Your approach seems so meticulous, can you briefly explain your process?
The watercolors are built up, layer by layer, beginning with the lightest of washes. For the ring paintings, I begin with a pale, wide ring; when that ring is dry, I paint another one on top of it, a little darker and a little narrower. I continue painting increasingly darker, narrower rings until I arrive at a fine line at the center of the original ring. That line, the darkest color, has all of the previous colors underneath it. Then, if I am painting a series of overlapping rings, I move the paper and start again. I make some of my own tools, including a turntable for painting circles and a bridge to support my hand. I recently built a paper stretcher that allows me to use thinner sheets of paper.
As I developed this watercolor technique, a decade ago, I started experimenting with acrylics to see if I could achieve comparable results using transparent acrylic medium. One day, on a whim, I started sanding the surface in order to expose some of the lower layers. I realized that I could use this sanding technique to create an image that appeared to be luminous. This led to a parallel body of work, technically related to the watercolors but very different in terms of resulting image. I have alternated between the two bodies of work ever since.
Your work plays with the visual tension between soft and hard edges— can you tell us more about this interplay?
To put it simply, I find the hard-and-soft contrast to be visually satisfying. It occurs between individual works—between the hard, geometric plane paintings and the soft, single ring paintings as they are hung together on a wall—and within specific pieces as well. I recently started removing ring-shaped layers of paper from some of my watercolors, and replacing the surface with a ring cut from fresh, unpainted paper. This reintroduces white into a painted area, and allows for a very sharp edge to appear alongside of the soft, hazy edges of the other rings.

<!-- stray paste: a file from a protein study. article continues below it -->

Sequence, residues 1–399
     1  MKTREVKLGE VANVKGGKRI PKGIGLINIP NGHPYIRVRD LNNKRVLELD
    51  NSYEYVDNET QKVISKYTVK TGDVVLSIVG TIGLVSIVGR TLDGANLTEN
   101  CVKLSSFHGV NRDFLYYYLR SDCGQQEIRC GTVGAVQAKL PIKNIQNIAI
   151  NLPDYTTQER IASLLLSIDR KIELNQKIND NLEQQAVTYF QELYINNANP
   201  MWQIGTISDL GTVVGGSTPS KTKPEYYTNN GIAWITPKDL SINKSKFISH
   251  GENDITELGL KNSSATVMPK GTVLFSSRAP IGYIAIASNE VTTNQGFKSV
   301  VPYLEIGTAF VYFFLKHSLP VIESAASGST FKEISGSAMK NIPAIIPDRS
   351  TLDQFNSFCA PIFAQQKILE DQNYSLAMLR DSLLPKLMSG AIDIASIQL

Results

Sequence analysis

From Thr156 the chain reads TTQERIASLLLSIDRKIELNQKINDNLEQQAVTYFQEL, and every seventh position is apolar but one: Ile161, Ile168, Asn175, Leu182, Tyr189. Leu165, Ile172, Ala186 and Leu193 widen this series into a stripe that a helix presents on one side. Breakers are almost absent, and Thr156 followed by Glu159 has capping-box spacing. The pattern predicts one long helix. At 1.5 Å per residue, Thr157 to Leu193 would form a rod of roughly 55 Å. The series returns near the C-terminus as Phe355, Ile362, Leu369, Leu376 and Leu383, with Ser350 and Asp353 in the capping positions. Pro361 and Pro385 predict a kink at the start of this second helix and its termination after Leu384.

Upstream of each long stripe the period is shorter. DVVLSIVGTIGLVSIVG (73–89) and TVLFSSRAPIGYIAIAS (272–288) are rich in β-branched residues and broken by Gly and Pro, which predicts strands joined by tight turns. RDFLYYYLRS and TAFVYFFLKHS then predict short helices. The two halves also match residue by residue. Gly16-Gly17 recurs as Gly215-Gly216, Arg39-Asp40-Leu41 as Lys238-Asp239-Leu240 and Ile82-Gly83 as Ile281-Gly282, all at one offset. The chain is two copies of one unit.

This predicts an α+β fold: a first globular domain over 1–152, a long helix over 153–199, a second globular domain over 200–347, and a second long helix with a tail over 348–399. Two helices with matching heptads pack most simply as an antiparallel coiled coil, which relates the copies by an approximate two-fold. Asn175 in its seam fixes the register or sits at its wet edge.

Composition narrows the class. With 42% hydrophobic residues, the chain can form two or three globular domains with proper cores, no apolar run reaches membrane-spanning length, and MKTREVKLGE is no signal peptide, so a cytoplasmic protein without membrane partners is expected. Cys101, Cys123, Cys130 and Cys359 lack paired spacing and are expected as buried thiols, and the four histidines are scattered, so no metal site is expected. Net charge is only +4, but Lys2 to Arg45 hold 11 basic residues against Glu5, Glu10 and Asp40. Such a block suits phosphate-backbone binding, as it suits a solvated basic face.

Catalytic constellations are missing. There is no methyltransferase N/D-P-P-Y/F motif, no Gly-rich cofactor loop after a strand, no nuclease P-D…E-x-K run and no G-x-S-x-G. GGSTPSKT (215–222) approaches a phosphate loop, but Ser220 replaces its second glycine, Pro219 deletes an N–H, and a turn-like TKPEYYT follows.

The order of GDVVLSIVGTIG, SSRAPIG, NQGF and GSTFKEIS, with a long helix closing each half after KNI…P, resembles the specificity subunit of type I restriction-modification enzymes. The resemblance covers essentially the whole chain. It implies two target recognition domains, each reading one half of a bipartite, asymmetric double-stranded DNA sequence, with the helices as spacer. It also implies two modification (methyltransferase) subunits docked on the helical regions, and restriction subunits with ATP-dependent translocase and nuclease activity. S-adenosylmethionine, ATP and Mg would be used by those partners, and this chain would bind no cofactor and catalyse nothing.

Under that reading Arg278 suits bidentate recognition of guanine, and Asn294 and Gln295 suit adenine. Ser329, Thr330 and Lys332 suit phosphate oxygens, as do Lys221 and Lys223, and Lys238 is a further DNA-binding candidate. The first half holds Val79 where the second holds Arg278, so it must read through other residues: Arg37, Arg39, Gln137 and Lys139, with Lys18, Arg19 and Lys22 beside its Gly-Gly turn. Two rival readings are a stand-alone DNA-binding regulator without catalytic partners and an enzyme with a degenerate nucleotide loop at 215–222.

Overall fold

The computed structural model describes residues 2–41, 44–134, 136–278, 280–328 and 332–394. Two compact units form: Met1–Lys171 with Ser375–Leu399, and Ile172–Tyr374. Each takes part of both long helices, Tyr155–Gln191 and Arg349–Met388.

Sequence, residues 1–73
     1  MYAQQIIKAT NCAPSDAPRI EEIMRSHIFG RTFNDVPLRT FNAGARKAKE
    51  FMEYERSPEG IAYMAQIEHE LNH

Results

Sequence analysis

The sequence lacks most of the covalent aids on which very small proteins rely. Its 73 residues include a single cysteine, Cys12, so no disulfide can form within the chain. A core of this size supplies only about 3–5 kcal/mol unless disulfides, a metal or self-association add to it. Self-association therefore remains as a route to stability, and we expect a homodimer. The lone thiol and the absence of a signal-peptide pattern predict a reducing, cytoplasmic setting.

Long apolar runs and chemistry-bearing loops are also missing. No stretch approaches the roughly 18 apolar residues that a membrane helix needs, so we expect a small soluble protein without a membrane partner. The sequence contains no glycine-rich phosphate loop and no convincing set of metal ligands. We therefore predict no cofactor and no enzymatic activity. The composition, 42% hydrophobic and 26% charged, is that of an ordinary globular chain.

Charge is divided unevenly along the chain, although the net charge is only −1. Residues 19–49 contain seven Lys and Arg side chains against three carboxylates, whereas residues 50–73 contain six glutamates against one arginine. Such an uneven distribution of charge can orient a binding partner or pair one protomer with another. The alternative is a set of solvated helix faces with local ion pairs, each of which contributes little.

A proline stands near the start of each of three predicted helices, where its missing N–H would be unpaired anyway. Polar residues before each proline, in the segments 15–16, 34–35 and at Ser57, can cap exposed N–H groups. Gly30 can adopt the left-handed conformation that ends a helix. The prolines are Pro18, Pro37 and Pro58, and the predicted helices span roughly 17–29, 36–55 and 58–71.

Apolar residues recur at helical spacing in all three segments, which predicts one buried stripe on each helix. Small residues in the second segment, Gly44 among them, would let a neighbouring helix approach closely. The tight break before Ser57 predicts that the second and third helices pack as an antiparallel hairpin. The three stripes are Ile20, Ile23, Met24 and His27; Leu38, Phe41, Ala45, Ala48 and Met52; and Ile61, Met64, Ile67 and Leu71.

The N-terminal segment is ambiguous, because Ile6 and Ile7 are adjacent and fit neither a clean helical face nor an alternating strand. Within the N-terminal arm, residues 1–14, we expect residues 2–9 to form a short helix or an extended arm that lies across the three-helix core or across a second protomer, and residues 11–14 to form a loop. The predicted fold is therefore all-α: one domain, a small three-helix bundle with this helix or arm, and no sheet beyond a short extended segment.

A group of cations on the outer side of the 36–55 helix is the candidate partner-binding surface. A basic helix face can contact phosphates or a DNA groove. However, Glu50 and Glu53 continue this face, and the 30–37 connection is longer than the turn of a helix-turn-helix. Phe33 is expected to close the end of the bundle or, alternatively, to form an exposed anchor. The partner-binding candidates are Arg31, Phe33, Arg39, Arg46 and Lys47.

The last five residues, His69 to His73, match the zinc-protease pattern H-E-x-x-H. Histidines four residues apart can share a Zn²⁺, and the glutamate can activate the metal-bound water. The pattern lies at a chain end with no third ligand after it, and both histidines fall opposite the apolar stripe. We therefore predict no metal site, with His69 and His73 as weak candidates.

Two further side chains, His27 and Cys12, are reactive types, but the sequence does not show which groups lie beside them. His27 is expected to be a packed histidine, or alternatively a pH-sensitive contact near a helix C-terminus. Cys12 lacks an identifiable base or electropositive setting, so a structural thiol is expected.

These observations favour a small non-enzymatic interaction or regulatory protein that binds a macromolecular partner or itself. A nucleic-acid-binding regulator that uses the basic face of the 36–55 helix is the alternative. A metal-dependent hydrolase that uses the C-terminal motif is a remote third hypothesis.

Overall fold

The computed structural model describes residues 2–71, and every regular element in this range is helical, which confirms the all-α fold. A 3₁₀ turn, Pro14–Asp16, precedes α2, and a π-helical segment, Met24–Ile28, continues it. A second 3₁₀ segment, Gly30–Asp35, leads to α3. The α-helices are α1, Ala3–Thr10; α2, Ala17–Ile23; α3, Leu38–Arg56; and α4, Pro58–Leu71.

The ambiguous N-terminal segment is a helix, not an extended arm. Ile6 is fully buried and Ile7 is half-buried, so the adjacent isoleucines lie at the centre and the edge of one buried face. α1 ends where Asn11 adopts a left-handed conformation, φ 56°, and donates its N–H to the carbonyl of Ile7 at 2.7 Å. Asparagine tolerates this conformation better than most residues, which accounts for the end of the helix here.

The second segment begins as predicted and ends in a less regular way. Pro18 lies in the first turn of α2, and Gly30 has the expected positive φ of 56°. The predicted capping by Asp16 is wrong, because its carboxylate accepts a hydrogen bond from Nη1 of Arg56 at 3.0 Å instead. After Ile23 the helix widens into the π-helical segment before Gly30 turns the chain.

Years ago, I painted in oils using a rotating, wall-mounted easel and striping brushes. Similar tensions existed in those paintings, between opaque and transparent marks, and between hard edge pinstripes and runny, uncontrolled paint passages. The contrasting edge treatment in the current work is a subtler refinement of this same tendency.
Besides your art practice, are you involved in any other kind of work?
I taught continuing education drawing classes up until our daughter was born, six years ago. Since that time I have been dividing my time between artwork and afternoon child care, and I wouldn’t have it any other way. Of course, I have significantly more time to work now that our daughter is in the first grade.
What influences outside the visual arts inspire and impact your approach to making work?
The most direct, non-visual art influence I can name is music. I am married to a musician, a pianist who works and teaches in the classical style, and we spend time in the company of other musicians. Our house is full of piano students, and our daughter is learning piano and violin. If I’m not listening to someone practicing an instrument in the next room, I often have headphones on. The abstract nature of instrumental music has a relationship to the kind of imagery I work with. I have even started to make reference to this in my titles; the series title Resonator is intended to call attention to the way the overlapping colors interact, which I liken to waves of sound bouncing around in a confined space.
What does having a physical space to make art in mean for your process, and how do you make your space work for you?
Well, yes, this has been an issue of particular interest to me recently. In my professional career I have had a succession of spaces, beginning with a small, pantry-sized room off of the kitchen in our first rental house, and eventually moving on to commercial spaces offering varying degrees of light and comfort. My last rental studio was within a huge industrial space that had been used by Boeing to make Bomarc missiles during the Cold War. I was part of a group of artists leasing surplus space from the U.S. Federal Government. It was unheated and the air was dirty, but I was able to make larger, messier work there, and I had access to friends’ woodworking tools. We had to leave after eight years, when the property was torn down for redevelopment.